90 odd club members were lined up to race at 4:30pm, and I was stoked to have Aidan and Kev there to make it hard. Out the front of the bunch from the start, I had Aidan alongside me and was happy to cruise the opening fire trail at 35km/h until Kev blew past about 100m in doing at least 40! He’d pulled off one of my favourite tricks, and it was a real struggle to get ahold of his wheel!

I couldn’t hear anyone behind me, and I barely had sight of the two leaders when I made a blunder. Over the top of a large roller, the trail bends to the left. I took it with too much speed and committed myself to riding off the trail and into the bushes, sending me off the bike, along with my mini pump and a water bottle. The pump I retrieved as I righted myself to watch about 5 riders slip away, the bottle I wouldn’t notice until I’d remounted and taken off. Planted obviously to the side of the trail, on successive laps that bottle proved to be a reminder not only to ride smoothly, but also that I was thirsty.

Not thirsty just yet. Pic courtesy of Keogh Conboy

Not wanting to lose too much ground, I hammered it to get onto the second bunch, and followed better lines through the single track, and blasted it every time the course opened up or started climbing. I’d worked my way back to third position by the last of the single track, and when I emerged onto a long, uphill section of fire trail, I could see Kev most of the way up, and Aidan at the top.

Aidan in the lead. Pic courtesy of Keogh Conboy
Aidan in the lead. Pic courtesy of Keogh Conboy

And that is how it stayed for a couple of laps – I’d make up a bit of ground, but then fall a back behind on the technical stuff, before edging closer on the climbs and long stretches of open terrain. I really wish I had a power meter on my mountain bike, because it felt like I was really utilising all of the road training I’ve been doing.

Eventually I made it past Kev, who would stay close to my tail for the most part of a lap, and had to really hook it along the starting fire trail to catch up to Aidan – this time I was doing 40km/h! I was able to take a bit of  a breather with Aidan in front on the single track, and me pulling hard turns on the fire trails and climbs.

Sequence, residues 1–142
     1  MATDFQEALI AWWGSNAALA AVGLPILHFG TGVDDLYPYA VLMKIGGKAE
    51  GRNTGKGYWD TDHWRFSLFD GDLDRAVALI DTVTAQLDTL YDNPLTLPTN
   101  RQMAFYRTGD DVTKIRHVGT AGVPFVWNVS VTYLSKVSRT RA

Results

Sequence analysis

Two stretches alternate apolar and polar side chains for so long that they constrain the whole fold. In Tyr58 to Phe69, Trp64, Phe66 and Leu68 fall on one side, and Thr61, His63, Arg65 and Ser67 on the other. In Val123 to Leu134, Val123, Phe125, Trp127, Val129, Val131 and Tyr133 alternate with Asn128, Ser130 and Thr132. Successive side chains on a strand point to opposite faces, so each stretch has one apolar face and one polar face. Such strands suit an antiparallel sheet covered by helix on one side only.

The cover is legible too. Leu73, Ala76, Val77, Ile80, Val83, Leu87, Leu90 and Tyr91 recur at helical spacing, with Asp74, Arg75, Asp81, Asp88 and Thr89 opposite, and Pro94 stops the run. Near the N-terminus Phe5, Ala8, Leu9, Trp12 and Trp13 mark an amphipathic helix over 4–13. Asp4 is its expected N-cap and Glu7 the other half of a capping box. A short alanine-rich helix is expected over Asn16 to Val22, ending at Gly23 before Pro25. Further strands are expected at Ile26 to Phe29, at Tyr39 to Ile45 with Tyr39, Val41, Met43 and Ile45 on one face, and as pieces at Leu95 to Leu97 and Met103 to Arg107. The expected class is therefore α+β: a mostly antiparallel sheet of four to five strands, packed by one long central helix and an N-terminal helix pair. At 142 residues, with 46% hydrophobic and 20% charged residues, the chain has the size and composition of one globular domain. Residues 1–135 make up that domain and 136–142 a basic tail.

Just after passing Kev. Pic courtesy of Keogh Conboy
Just after passing Kev. Pic courtesy of Keogh Conboy
Kev now chasing. Pic courtesy of Keogh Conboy
Kev now chasing. Pic courtesy of Keogh Conboy

At one point I stopped to pull some foliage out of my rear mech, with Aidan offering to slow down so I wouldn’t have to work hard to catch back up. But it sure didn’t feel like that – it took me a full lap to catch back up!

By this stage we were nearing the end of the race. I hadn’t checked the time properly, and had forgotten what lap we were up to, but the two of us thought we would get one more lap in. Aidan was looking cooked, and made it vocal, but kept on my wheel so we could take the 1,2. Perhaps 200m from the finish, Aidan tripped up a little – staying upright, but dropping his chain. I slowed up to almost walking pace, looking over my shoulder and wondering what the fuck was taking him so long, as I crossed the line – only to be pulled up by Alice. The race was over.

I did get one more lap in – a warm down and bottle collection were both necessary.

Massive thanks to all the volunteers out for the day – many of them gave up racing themselves to marshall and time the event – more than I’ve ever bothered to do. Congratulations to all the competitors for racing in those conditions too – it was great to hear words of encouragement shouted at me throughout the event, and I hope I was just as encouraging for everyone else (apart form the times I overtook with my head down and my teeth gritted). I’ll try and make as many of these races as I can next year, and I’ll have to give up a number on one of them to volunteer.